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Is capital punishment ethically acceptable?

Capital punishment is the sentence of death, used as severe


punishment for the most heinous of crimes. In 2008, the United Nations
called for a ban on the use of capital punishment. However 58 countries,
including the United States and China, still continue to actively exercise
the death penalty. As seen, the death penalty is shrouded in controversy
and has been the centre of prevailing debate since its implementation.
However, it is my stance that the death penalty, for numerous reasons, is
unethical.
A recent study conducted by the Columbia University Law School
found that two thirds of all capital trials contained serious errors, with over
80% of the defendants being acquitted of the death penalty when retried.
This poses a grave question: Is it ethically acceptable to take the risk of
imposing the death penalty on an innocent man? In fact, since 1973, 138
people have been released from death row after evidence of their
wrongful conviction surfaced. In this same time period, more than 1 000
people have been executed. These statistics not only illustrate the
unacceptable risk of executing the innocent, but also our erratic justice
system. One of the many examples of wrongful convictions is the Daniel
Wade Moore case. In 2002, Moore was found guilty of murder and sexual
assault of Karen Tipton. The judged overruled the jurys original consensus
and sentenced him to death. However, 7 years later in 2009, he was
acquitted when 256 pages of withheld evidence were revealed. The
emotional pain that the friends and family of the innocent have to go
through in the time leading up to the execution is unbearable. Should
evidence of innocence emerged after the execution, there is no possible
way of compensating the wrongly convicted and his loved ones for this
miscarriage of justice. Such wrongful executions can be prevented by
abolishing the death penalty and turning to less barbaric methods to meet
societys needs of punishment and protection. Thus, capital punishment is
not ethically acceptable as there exists a risk of erroneously executing an
innocent Man.

Another reason

why capital punishment is

unethical

is

the

arbitrariness and discrimination that exists. Fair trials for death row
defendants can hardly be achieved due to irrational factors such as the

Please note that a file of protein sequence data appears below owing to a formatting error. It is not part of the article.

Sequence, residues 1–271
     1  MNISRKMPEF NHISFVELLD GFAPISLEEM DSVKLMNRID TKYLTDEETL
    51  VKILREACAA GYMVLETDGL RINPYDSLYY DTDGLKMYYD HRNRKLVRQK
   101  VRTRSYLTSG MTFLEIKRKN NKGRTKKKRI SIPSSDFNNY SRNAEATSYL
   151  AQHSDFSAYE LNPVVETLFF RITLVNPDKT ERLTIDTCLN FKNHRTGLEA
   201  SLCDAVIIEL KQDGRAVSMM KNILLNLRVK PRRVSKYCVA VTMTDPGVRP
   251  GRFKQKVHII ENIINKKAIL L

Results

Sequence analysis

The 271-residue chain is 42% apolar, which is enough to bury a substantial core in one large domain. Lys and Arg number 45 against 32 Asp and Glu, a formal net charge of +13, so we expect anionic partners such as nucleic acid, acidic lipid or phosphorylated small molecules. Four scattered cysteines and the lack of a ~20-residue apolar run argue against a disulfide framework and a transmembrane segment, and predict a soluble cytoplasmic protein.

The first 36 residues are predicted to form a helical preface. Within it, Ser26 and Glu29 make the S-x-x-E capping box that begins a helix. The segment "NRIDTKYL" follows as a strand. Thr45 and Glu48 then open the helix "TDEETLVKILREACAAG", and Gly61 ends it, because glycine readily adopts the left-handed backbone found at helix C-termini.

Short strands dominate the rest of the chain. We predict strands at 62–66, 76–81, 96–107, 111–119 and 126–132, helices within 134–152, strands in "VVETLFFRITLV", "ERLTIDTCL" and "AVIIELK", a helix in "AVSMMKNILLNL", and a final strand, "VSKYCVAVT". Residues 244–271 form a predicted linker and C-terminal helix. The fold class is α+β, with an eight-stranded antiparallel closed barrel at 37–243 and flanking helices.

race of the defendant and the wealth he has. The discrimination against
different races can be shown in the US, where African-Americans account
for one in three people executed since 1977. A January 2003 study
released by the University of Maryland concluded that race and geography
are major factors in death penalty decisions, with prosecutors more likely
to seek a death sentence if the victim is white but less likely if the victim
is African-American. This shocking racial biasness that still exists in our
modern society further shows why the death penalty is ethically wrong.
Another factor that demonstrates the arbitrariness of the death penalty is
the affluence of the defendant. Most death row inmates could not afford
their own attorney at trial and thus are provided with court-appointed
attorneys. However, these court-appointed attorneys often lack the
experience or skills necessary for capital trials. This inadequate legal
representation makes who lives or dies based on luck, as poorly
represented defendants are more likely to be given a death sentence.
Thus, the death penalty is unethical due to its poor implementation, where
arbitrary factors such as race, wealth and geographic location play a
major role in deciding who deserves to die. Instead, everyone should be
entitled to a fair and just trial where they have an equal chance.
Supporters of the death penalty often argue that by executing
criminals convicted of heinous crimes, would-be offenders will think twice.
Singapore is a prominent example of using capital punishment as an
effective crime deterrent, particularly in curbing drug trafficking. Not only
does the low crime rate and general orderliness in Singapore bear
testimony to this, Singapore authorities reported an overall decline in the
number of drug abusers arrested between 1994 and 2000. Furthermore,
the 1973 Isaac Ehrlich study shows that for every inmate who was
executed, 7 lives were spared because other were deterred. Thus, death
penalty supporters argue, capital punishment is ethically justified as it can
save innocent lives and deter crimes just by executing a twisted criminal.

However, this argument lacks proper statistical evidence showing that the
death penalty will actually deter potential wrongdoers. Not only are the
figures provided by Singapore authorities potentially biased, the 1973
Isaac Ehrlich study have also been widely discredited. Furthermore, such
heinous crimes are usually committed in a moment of intense emotions or
under heavy substance abuse, where the perpetrator is unlikely to think of
possible consequences. This argument also fails to take into account
people with mental disabilities or defects, who are thus unable to be
deterred. Therefore, capital punishment cannot be considered ethical on
the basis that it can deter crimes.
In conclusion, it is not ethically justifiable to use the death penalty
under any circumstance due to reasons such as the unacceptable risks of
executing the innocent and the poor way it is currently implemented.
While it cant be denied that capital punishment does have some boons
such as deterring crimes and permanently incapacitating criminals, the
biased implementation and risks it comes with far outweigh its benefits.
(878 words)